Be aware: Animal traps or snares present dangers to pets
For dog lovers who enjoy spending time outdoors, hiking can be a great way to appreciate the great outdoors while also exercising your pooch. While you may expect and prepare for some of the more common outdoor dangers, often times over looked by pet owners is the potential danger that poorly placed snares and other game animal traps can pose to our domestic pets.
Check your local state laws to learn during what time of the year, and where, game traps can legally be set. Normally you should be able to find this out by contacting your local Fish and Wildlife Department. In some states, trapping is legal on public property during trapping season. Unfortunately, these public lands are often times also popular hiking destinations. Poorly placed traps that are set near hiking trails can pose a very serious safety risk to dogs who may be hiking with their owners. Also, it's important not to let your pets wonder in wooded areas where traps may be set. Some kinds of hunters traps are designed to kill animals, and they do not discriminate between a game animal and a wondering pet. Even traps that are not designed to kill can inflict serious injuries.
It's important for pet owners who frequent potential trapping areas to be aware of this danger. If the worst case scenario occurs and your pet gets trapped, often times time is of the essence. The faster you can release your pet from the trap the better. Pets caught in traps for long periods of time are more likely to become very stressed, and it's not uncommon for them to injure themselves further by trying to free themselves. If your pet does get caught in a hunter's trap, stay as calm as possible. Your pet will probably already be stressed out and possibly injured, but stressing out yourself is not going to help the situation. There are three types of commonly used hunting traps. There are snares, leg hold traps, and conibear traps. All three types can be opened if you know how to do it and remain clam and level headed.
Snares are loops usually made of steel cable that are designed to loop around an animals neck or legs. The are made so that if an animal struggles, the snare will tighten around the animal. If you come across a dog or other type of domestic pet caught in a snare, it's important to try to keep the animal as calm as possible. If you can, find and loosen the locking mechanism on the snare. This should loosen the loop and allow it to be removed from around the animal. If, for any reason, you cannot undo the lock, you can use wire cutters to cut through the loop of the snare.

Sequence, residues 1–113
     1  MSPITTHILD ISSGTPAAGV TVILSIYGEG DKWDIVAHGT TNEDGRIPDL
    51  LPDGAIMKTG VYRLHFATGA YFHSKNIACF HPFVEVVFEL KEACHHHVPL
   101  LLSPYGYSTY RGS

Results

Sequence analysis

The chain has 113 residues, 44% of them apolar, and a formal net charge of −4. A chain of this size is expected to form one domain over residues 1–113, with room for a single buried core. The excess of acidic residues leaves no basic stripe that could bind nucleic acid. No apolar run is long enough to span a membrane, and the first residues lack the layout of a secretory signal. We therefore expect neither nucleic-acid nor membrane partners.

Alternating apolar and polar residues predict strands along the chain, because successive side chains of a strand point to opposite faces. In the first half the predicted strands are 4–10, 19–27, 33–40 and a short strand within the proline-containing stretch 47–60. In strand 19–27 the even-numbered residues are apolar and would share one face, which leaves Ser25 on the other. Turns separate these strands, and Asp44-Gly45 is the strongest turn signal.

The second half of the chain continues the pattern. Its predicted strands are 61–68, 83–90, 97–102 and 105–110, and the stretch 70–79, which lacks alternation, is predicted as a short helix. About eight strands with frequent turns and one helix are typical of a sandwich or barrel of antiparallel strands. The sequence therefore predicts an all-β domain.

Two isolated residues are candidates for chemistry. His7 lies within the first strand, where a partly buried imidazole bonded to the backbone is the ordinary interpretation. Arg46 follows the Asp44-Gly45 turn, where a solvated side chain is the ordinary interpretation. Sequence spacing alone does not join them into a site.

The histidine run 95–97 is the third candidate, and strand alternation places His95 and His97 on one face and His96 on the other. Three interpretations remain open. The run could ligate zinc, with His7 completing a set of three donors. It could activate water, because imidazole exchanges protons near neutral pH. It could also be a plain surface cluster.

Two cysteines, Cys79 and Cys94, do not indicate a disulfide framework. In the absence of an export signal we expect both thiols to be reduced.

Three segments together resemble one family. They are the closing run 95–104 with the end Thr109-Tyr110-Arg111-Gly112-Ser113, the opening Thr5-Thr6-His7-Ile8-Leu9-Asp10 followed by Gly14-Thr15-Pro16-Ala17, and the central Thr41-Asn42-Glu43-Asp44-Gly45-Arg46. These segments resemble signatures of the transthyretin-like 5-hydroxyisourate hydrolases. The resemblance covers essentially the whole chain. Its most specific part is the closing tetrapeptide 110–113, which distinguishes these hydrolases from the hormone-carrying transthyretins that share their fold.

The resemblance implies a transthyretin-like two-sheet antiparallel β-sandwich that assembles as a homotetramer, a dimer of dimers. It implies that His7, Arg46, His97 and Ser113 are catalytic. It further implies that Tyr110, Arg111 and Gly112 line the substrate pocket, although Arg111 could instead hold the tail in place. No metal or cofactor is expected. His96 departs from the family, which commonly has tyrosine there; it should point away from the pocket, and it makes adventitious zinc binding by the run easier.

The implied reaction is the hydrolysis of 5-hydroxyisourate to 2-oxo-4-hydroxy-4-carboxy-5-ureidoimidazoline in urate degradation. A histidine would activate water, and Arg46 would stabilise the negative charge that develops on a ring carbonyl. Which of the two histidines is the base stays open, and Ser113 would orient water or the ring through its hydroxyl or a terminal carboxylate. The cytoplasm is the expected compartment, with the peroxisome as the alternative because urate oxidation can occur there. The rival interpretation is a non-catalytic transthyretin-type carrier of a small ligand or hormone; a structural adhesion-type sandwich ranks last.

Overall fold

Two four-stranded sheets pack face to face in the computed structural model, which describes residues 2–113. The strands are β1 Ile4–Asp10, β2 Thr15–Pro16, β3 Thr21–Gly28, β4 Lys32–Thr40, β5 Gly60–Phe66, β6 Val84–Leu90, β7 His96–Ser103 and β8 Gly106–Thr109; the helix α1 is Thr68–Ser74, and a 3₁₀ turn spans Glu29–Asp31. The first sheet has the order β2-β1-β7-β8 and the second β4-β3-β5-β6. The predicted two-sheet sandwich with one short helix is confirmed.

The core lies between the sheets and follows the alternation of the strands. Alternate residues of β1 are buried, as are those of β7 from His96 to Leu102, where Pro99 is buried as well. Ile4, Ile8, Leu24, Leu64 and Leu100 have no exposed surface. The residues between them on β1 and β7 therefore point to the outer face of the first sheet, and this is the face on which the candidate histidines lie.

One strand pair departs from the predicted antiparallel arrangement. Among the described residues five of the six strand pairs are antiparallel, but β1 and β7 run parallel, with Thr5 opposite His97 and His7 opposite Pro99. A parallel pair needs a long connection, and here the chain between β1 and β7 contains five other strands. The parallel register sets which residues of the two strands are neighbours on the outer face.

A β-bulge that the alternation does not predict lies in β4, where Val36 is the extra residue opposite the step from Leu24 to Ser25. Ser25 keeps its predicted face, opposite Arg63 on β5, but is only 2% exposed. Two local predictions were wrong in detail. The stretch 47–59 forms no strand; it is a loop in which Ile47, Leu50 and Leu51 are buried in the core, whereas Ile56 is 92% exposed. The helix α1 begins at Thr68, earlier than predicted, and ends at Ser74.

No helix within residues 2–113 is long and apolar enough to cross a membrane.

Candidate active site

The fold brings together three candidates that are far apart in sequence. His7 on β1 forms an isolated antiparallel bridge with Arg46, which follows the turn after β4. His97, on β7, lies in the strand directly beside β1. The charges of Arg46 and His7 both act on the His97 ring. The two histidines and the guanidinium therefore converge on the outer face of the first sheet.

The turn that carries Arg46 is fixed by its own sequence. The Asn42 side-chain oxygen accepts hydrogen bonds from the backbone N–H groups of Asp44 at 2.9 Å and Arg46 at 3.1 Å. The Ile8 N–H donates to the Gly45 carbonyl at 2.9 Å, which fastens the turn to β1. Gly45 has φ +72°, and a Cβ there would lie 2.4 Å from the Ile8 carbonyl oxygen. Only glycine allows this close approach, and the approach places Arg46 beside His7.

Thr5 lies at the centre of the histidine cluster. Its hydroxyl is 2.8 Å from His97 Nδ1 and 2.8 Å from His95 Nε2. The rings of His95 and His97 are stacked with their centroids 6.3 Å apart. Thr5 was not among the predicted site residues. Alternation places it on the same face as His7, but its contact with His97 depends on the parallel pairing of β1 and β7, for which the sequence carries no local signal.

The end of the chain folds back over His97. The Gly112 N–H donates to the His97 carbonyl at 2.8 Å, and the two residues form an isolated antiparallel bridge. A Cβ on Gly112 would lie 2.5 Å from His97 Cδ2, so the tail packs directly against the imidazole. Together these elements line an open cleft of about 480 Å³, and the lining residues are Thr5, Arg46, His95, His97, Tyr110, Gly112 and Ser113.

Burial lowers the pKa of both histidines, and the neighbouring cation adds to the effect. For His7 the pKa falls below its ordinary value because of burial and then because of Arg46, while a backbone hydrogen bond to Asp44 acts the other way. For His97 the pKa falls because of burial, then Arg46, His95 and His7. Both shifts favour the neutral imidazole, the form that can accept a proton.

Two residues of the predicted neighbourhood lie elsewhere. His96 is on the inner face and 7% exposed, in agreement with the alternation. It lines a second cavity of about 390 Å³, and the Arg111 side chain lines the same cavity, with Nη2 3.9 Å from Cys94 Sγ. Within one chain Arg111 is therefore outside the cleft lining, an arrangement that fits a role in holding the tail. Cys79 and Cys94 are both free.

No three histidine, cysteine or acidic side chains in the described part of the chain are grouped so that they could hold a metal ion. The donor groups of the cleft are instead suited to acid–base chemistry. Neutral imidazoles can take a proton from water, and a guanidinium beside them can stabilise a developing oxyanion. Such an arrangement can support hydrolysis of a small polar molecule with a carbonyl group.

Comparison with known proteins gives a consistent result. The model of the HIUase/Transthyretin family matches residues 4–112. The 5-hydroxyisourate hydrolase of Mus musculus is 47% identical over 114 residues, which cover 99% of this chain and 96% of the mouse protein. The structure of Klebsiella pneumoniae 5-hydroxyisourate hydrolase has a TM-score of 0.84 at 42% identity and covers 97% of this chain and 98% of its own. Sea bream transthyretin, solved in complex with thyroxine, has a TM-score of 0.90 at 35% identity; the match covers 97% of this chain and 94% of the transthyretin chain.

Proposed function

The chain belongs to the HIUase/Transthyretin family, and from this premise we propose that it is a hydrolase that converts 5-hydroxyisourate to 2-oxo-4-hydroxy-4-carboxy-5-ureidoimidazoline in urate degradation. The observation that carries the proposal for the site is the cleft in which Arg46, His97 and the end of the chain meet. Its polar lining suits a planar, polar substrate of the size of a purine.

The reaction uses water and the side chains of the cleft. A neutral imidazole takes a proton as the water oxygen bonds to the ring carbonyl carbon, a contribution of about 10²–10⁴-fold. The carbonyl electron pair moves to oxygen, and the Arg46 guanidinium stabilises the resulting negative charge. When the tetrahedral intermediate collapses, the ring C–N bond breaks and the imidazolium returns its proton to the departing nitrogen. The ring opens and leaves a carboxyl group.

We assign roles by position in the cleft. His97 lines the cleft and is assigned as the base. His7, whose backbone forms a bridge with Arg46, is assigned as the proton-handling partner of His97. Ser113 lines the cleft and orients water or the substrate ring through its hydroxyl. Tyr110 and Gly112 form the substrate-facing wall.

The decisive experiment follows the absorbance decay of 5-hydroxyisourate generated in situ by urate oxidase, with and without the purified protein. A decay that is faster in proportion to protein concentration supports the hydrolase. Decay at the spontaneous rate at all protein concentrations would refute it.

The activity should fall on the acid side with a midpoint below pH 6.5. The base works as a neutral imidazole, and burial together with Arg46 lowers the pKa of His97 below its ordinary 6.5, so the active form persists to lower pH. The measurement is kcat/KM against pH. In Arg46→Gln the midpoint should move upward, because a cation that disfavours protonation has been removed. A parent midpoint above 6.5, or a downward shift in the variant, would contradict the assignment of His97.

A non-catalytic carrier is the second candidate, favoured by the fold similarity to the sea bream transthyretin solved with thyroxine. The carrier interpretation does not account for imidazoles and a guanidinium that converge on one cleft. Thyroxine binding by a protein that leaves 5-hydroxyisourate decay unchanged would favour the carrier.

Foot or leg hold traps are designed to close around an animals foot or leg without directly killing the animal. While dogs and other domestic animals caught in leg hold traps normally survive, serious complications and injuries can occur. These traps are usually spring loaded and released by pulling or pushing down levers on either side of the trap. Because these traps are normally not life threatening, if you can't get the trap open in the field you should be able to remove the trap from the ground while still attacked to your pet, then transport your pet to a veterinarian or anyone else who can help you remove the trap.
Body gripping or conibear traps can be the most dangerous because they can be difficult to remove, and are designed to kill the animal they trap. This type of trap consists of a squared frame with springs on either side. They are designed to trap an animal around the neck or body and kill them by suffocation. Conibear traps can be opened by compressing and locking the springs on either side of the trap. Depending on the size of the trap and your strength, you may not be able to open these traps by hand. Your dogs leash, or any other type of rope can be used to assist if you are not strong enough to open the trap by hand. See the video below for instructions on how to free trapped pets from a conibear type trap.
There are many websites out there that give detailed diagrams on how to release each type of commonly used traps. This can be important information for owners who take there pets hiking to be aware of. If your pet does ever get trapped, remaining calm and knowing how to open traps may save your pets life. If you like to go hiking in wildlife areas where trapping is allowed, keep your pet leashed and near you at all times. A leashed pet can still become a victim of a trap, but the closer your pet is to you and the faster you can free them from the trap, the better chance they will have at escaping serious injury or even death.
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